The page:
BENOIT MORHAM: That was Bill Bashucky, plant manager. The flavours salt and vinegar, and ketchup, are a source of pride for Canada and their presence here is often compared to our southern neighbour, the United States, since neither flavours are offered there. Flavours are not the only thing that separates a Canadian chip from a U.S. chip. Canadian quality can be another source of pride.
BILL BASHUCKY: Well, certainly flavours. Flavours would be the main thing. Personally, I think the quality of the finished chip in Canada tends to be superior to what you see typically in the U.S., for a similar sized company. I’ve gone on websites and looked at, for example, kettle chips from a number of different places in the U.S., and quite honestly I would be ashamed to put a product like that out – all discoloured, and rot, and bruised spots.9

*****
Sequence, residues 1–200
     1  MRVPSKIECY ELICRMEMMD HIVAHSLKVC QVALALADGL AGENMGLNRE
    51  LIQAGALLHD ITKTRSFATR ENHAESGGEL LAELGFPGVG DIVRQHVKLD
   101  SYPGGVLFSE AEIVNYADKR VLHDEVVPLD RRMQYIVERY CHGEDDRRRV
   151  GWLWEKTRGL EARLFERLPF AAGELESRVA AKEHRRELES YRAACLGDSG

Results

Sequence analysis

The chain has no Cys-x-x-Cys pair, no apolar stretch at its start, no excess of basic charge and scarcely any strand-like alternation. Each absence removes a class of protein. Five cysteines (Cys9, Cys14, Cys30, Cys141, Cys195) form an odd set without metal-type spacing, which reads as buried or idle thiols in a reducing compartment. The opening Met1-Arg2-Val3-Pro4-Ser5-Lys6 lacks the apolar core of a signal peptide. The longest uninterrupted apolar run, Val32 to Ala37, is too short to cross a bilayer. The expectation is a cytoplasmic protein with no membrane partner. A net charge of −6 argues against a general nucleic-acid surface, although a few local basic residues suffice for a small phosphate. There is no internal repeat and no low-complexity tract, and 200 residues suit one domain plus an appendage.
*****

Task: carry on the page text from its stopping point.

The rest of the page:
BENOIT MORHAM: Large companies, like Nestle or Frito Lays, produce from, and ship to, nearly anywhere. This is not the case for smaller companies like Old Dutch, who usually have a narrower clientele.
BILL BASHUCKY: It is a moving target. In a lot of cases, it depends: Who has potatoes, who doesn’t? Who has machine time and who doesn’t? So we could theoretically be shipping anywhere. Traditional market is of course Manitoba, most of Saskatchewan, northwestern Ontario. But we also now, through our Humpty Dumpty connection, will ship further into Ontario, and even into Montreal. And we have sister plant in Calgary, and we even get into their backyard depending on [circumstances]. We wound up shipping to Edmonton, and into Vancouver – which again traditionally is their territory. But it could have been a potato situation or availability. So we have to be ready anytime to be shipping anywhere.10
BENOIT MORHAM: The fact that Old Dutch Foods shipped, and still ships, mostly to local consumers has had an effect on their method of advertising. Unlike the advertisements during the wars, or the promotions on the “Buy Canada" online pages, Old Dutch has a different approach altogether.